Also, you can try to find someone’s RSS lists, there might be something interesting for you that you can use. For example, I’ve shared my RSS list, which is updated daily, so new sources will appear shortly.

Filter

Now when you have a list of article sources you need to filter good articles to read. There might be many articles written per day and it would be waste of time to try to read everything. Instead, you should find what is interesting to you.
The simplest way of filtering is just to let other people filter content for you. Here I refer to aggregation services. They do a pretty good job of filtering interesting articles. But at the same time, the issue comes with losing control. Different people have different experience, background, and so on. So for some junior developers, it might not be the best to read deep-dive articles because too much information will be missed. And instead, some high-skilled developers might not be interested in some high-level tutorials or reviews.
Here it is up to you to decide: whether to rely on third-party content filtering or apply yours. Doing something by yourself takes more time, but has advantages because one can find better articles to read.

Read

Here everything is simple. Just read what is interesting for you.

Save to Read Later

But it might be difficult to be on track, as it might happen so that more articles are written than you’re able to read. In this case, one can save articles to read later when you have time and read at your pace. I use Pocket for that purpose.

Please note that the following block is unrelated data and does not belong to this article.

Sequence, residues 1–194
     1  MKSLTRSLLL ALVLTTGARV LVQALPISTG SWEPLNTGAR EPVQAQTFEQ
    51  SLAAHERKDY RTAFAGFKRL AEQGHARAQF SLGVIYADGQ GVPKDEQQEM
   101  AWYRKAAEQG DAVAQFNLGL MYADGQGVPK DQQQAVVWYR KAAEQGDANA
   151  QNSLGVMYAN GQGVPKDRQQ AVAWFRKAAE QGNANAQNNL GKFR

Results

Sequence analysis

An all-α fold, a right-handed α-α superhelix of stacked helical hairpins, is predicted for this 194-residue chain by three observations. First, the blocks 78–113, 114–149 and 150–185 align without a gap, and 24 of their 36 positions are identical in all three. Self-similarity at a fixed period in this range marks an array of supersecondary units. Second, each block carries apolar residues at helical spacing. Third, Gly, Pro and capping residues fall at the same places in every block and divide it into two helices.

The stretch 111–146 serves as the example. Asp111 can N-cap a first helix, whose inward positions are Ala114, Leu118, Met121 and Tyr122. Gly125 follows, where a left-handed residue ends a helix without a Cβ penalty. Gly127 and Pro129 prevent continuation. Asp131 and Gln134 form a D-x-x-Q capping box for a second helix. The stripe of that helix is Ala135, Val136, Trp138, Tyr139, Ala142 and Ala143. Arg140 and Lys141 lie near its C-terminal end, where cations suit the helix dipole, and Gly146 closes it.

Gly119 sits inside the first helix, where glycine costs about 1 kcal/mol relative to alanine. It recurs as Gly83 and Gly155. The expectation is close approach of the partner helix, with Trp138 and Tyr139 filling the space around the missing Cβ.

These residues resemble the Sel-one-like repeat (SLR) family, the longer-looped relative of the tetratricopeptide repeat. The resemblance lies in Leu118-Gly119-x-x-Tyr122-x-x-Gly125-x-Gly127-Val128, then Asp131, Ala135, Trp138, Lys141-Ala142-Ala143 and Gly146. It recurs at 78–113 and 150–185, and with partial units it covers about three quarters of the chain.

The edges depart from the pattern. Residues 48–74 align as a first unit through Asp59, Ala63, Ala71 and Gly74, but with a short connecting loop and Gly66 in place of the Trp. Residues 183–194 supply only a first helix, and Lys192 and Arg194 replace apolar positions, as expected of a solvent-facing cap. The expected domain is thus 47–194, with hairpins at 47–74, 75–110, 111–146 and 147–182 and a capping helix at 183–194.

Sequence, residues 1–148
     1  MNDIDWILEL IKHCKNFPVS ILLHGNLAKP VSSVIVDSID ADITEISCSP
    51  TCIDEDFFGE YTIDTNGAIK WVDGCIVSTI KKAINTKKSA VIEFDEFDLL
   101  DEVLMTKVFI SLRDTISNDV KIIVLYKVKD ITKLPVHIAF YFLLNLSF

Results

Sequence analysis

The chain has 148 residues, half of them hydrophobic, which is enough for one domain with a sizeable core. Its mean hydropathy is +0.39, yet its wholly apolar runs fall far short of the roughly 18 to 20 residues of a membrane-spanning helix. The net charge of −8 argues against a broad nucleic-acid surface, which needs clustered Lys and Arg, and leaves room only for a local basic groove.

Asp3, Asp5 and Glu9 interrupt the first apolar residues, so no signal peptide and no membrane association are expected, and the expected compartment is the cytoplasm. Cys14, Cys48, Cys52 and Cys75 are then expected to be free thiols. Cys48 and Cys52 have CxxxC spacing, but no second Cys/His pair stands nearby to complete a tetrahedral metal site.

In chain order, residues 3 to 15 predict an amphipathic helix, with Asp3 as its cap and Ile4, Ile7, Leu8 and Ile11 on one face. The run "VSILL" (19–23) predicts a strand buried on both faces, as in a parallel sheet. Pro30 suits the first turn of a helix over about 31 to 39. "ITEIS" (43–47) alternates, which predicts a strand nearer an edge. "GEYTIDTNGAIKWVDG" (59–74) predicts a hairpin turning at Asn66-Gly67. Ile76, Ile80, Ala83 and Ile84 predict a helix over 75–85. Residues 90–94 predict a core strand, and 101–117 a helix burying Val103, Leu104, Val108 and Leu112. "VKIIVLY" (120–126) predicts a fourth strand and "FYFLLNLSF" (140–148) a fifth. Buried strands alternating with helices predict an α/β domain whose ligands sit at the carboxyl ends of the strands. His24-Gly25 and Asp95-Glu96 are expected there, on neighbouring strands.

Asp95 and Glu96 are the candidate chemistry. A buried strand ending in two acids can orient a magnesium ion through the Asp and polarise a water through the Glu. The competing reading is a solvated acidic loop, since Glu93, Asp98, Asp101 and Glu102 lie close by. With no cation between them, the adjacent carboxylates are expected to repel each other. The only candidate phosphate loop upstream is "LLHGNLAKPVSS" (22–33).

But again there might be a situation when you save more articles to read than you actually read. No issue here, you should just apply second-layer filtering. Choose the max amount of articles to keep and remove everything that exceeds the limit. No worries - reading all saved articles is not a goal. You can read as much as you want or can and pick the most interesting articles for you. Even if you read only 1 article it is better than nothing.

Share

Last but not least - you can share your experience with others. You can write articles and share interesting articles that you’ve read. You can post it to social networks, create your digest or telegram channel.
And here is my turn - today I decided not only to share the list of my RSS feeds but also create a telegram channel with articles I found interesting: @krossovochkin_newsletter.
Usually, it takes much time to maintain some digests or telegram channels. But I found some easy way to do that - automate!
To share my RSS feeds I use export from Inoreader. To share interesting articles I just export articles tagged in Pocket. Almost 0 effort.
This telegram channel has just some filtered list of articles I think are interesting. Maybe it will be useful to someone.

Conclusion

Reading articles is good for exploring new ideas and learning others' opinions. But managing your reading is not a simple task. Hope that I was able to give some inside on a one way of doing that.

Happy reading